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Bunya Feast

Jan Sked and Chris Macdonald

The Bunya Pine (Araucaria bidwillii) was a rich source of food for the Aborigines of south-east Queensland. Although these trees set cones only once every three years, they are produced in large quantities. Each cone is about the size of a football and contains from 50 to 100 large "nuts".

The Bunya Pine is a large tree, growing 30-45 metres in height, with a straight, rough-barked trunk, and a very distinctive symmetrical, dome-shaped crown. It is an emergent species in subtropical rainforest and is confined to Queensland, where it occurs mainly between Nambour and Gympie and west to the Bunya Mountains, with a small occurrence in north Queensland on Mt. Lewis and at Cunnabullen Falls.

Bunya Pine
The distinctive shape of Araucaria bidwillii make it one of the most easily recognised of Australia's native trees. Select the thumbnail image or plant name for a higher resolution image (37k).

During the Bunya season the Aborigines would temporarily set aside their tribal differences and gather in the mountains for great Bunya Nut Feasts. The aboriginal name for the Bunya Pine was actually "bon-yi" and the Blackall Range, west of the Sunshine Coast, was known to the local Pine Rivers aborigines as the "Bon-yi Mountains". Tom Petrie, was the only free white man to ever attend a bon-yi feast; and it was Tom's father, Andrew Petrie, who discovered this tree around 1838, and who later gave specimens to Mr.John Bidwill, after whom it was ultimately named.

Some years ago (late February) members of the Pine Rivers Branch of the Society for Growing Australian Plants gathered under the magnificent century-old Moreton Bay Figs at the North Pine Country Park to enjoy this triennial event. Rollo Petrie (Tom's grandson), our chief cook and provider, had been gathering bunya nuts (thousands and thousands of them) for several weeks prior to this, and had been experimenting with a number of interesting recipes.

By 10.30 a.m. the fire was burning brightly and the billy was on the boil as members began arriving. Proceedings began with a nice "cuppa" - not your ordinary old billy tea, mind you. This tea was delightfully flavoured with Backhousia citriodora leaves or, for variety, Backhousia myrtifolia.

Morning tea consisted of scones, topped with "jungle" jam (ingredients unknown) or wild raspberry jam plus bunya nut pikelets, bunya nut roll, bunya nut slice, bunya nut bread, bunya bikkies and an interesting little confectionery called Bunya Nut Ice.

Bunya cone and nuts
When ripe, the large female bunya cone falls from the tree and breaks into segments, each containing a large nut. Select the thumbnail image or highlighted phrase for a higher resolution image (37k).    Photo: J.Sked.

As lunchtime approached, Rollo stepped up his efforts and produced such delicacies as boiled bunya nuts, roasted bunya nuts, bunya nut casseroles, plus a variety of foods from other members - bunya nut damper, bunya nut spotted dog, bunya and bacon quiche, bunya nut rissoles, bunya nut dessert, and gallons more Backhousia tea.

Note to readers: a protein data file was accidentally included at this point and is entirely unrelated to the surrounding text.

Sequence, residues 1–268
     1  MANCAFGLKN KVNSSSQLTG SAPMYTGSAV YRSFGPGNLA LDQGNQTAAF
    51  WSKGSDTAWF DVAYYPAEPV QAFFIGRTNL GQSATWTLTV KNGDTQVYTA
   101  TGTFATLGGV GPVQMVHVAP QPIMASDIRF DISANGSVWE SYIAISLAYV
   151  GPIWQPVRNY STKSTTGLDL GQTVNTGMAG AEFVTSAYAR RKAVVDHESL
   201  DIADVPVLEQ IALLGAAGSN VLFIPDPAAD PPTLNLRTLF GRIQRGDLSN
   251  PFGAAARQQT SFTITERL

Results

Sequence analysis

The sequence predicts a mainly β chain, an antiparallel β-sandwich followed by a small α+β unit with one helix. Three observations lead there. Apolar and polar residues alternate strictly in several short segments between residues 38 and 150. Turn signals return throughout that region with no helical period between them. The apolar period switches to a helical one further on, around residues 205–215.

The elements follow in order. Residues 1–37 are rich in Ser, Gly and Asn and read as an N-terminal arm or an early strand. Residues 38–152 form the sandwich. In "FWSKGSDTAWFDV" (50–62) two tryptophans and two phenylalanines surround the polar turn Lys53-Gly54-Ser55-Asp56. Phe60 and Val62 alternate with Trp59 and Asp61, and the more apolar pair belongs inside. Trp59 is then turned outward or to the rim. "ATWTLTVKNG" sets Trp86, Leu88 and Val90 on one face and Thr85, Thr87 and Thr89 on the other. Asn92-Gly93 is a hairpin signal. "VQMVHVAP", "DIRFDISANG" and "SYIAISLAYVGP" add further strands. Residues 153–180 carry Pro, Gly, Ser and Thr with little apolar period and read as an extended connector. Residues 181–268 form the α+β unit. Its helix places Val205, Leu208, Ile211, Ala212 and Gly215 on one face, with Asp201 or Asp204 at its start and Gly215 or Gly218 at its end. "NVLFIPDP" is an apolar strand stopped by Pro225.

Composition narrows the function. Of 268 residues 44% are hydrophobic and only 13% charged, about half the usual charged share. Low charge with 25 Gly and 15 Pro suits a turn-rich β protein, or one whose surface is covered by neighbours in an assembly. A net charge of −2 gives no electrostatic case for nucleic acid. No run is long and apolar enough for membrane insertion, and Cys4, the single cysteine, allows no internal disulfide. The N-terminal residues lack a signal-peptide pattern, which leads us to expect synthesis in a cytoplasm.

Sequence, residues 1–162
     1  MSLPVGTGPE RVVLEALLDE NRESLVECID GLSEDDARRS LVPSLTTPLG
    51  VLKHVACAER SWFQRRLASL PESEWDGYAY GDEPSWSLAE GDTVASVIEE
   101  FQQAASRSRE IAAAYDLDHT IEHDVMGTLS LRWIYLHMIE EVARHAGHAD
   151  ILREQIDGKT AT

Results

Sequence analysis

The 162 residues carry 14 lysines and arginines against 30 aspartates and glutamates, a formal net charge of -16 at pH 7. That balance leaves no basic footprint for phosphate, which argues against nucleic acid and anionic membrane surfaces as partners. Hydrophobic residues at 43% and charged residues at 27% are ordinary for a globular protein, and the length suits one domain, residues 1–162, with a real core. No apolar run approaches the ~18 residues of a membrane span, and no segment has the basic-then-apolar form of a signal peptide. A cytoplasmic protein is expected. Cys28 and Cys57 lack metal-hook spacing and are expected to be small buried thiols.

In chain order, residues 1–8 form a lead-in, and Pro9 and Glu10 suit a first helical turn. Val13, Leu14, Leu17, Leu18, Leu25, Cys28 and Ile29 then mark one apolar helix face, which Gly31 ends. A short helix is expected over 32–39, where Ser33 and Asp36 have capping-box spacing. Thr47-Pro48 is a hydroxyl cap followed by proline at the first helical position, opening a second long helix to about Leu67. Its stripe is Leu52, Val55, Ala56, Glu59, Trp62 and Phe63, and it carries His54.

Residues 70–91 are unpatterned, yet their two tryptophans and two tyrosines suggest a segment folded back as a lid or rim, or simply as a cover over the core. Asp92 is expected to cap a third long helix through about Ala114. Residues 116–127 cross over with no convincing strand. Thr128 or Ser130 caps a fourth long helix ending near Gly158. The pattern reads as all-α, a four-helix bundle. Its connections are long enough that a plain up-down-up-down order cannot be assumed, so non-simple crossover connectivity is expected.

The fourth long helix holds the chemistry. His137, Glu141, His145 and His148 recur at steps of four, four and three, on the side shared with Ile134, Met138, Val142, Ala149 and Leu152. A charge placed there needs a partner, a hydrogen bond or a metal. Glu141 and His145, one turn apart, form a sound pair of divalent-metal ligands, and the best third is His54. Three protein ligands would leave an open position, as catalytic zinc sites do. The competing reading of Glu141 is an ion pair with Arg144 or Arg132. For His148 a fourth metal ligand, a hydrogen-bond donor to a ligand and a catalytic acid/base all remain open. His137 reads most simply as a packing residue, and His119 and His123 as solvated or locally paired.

If you can obtain a supply of bunya nuts, you might like to try one or more of the following.

Spotted Dog a la Bunya
Sultanas or mixed fruit
3 cups S.R.flour
2 cups minced Bunya nuts (cooked)
2 tablespoons butter
2 small teaspoons Baking Powder
2 eggs
1 teaspoon salt
3 tablespoons powdered milk
4 tablespoons sugar
Mix flour, powdered milk, salt, baking powder and sugar together. Melt butter in a little hot water. Add minced nuts, eggs, butter and fruit to other ingredients. Mix to just pouring consistency, adding a little more later if necessary. Pour into greased large tray or other suitable baking dish. Bake at 450 degrees Fahrenheit, reduce to 400 after 20 minutes, bake until cooked.

Bunya Johnnie
4 cups minced Bunya nuts (cooked)
2 eggs
2 teaspoons Baking Powder
2 tablespoons sugar
2 tablespoons powdered milk
1 tablespoon butter
1/2 teaspoon salt
Fruit if required
Mix all dry ingredients together (this includes bunya nuts). Then add eggs and butter which has been melted in a little hot water. Mix to a just-pouring consistency, adding more water if necessary. Pour into greased 7 inch sponge tin. Bake at 450 degrees Fahrenheit for 20 minutes, reduce heat to 400 degrees and bake until cooked.

Bunya Fruit Cake
3 cups S.R. flour
7 heaped cup raw sugar
3 cups minced Bunya Nuts (cooked)
2 tablespoons butter or
2 teaspoons Baking Powder
1 teaspoon salt
5 eggs
4 tablespoons powdered milk
Fruit to taste
Mix all dry ingredients together, add rest with a little water to make mixture to a just-pour consistency. Pour into a greased large lamington tin or other suitable tin. Bake at 450 degrees for 20 minutes, then reduce to 400 degrees and continue baking until cooked.

This is a combination of two articles (one by Jan and one by Chris) which originally appeared in the September 1982 and March 1985 issues of the newsletter of the the Queensland Region of SGAP.


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Australian Plants online - December 1997
The Society for Growing Australian Plants